IFA President Tim Cullinan has said the current energy security concerns reflect a failure by the State to foster the development of a fit-for-purpose farm renewable energy sector in Ireland.
“Farmers across all sectors are grappling with massive increases in energy costs as they face into the coming winter.
“Unlike many of their European counterparts, Irish farmers were not given the opportunity or assistance to generate on-farm renewable energy which would have helped reduce the electricity demand of Irish farms and also improve energy security at national level. It represents a massive missed opportunity,” he said.
Analysis completed at European level in 2018 ranked Ireland 23rd out of 27 EU Member States in adoption of renewable energy technologies at farm level. This analysis also estimated that Ireland generated just 2.6 per cent of energy from agriculture compared with the EU-27 average of 12.1 per cent.
“We now urgently need the State to step up with intervention and support that will allow farmers to generate energy on their farms both for own use and for onward supply into the National Grid,” he said.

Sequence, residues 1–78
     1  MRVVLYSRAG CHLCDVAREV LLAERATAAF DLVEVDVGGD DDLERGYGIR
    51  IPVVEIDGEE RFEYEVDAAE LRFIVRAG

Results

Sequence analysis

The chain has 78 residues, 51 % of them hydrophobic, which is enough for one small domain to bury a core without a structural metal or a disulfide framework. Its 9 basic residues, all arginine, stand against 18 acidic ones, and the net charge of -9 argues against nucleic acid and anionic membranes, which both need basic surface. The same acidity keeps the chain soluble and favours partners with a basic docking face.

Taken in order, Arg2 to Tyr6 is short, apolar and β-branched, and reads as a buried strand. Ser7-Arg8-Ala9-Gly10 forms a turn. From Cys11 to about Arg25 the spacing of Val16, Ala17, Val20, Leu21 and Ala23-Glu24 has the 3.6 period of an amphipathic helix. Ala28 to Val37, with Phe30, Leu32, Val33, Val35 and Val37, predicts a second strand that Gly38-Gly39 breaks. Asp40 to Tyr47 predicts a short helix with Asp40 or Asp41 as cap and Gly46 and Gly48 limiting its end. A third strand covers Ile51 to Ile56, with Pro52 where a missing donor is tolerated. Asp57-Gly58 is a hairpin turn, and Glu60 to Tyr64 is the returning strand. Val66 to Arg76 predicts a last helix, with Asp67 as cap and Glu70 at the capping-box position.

“In order to make this happen we need, as part of Budget 2023, the establishment of a new ‘Roof-top Solar Scheme’ and ‘Anaerobic Digestion Support Scheme’, financed by the Department of Environment, Climate & Communications and independent of TAMS,” Mr. Cullinan added.
IFA Environment Chair, Paul O’Brien also outlined the need for a change in current policies on sale of surplus energy.
“Existing policies on the level of saleable volumes of surplus energy into the National Grid must be reviewed. Otherwise, potential surplus energy that could be generated on Irish farms may go to waste. That cannot be left happen, particularly given the current national energy demands,” he said.
“To encourage farmers to consider producing renewable energy, any emissions reductions as a result of farm renewables must contribute toward the 25 per cent cut in agri emissions required by 2030 at national level”.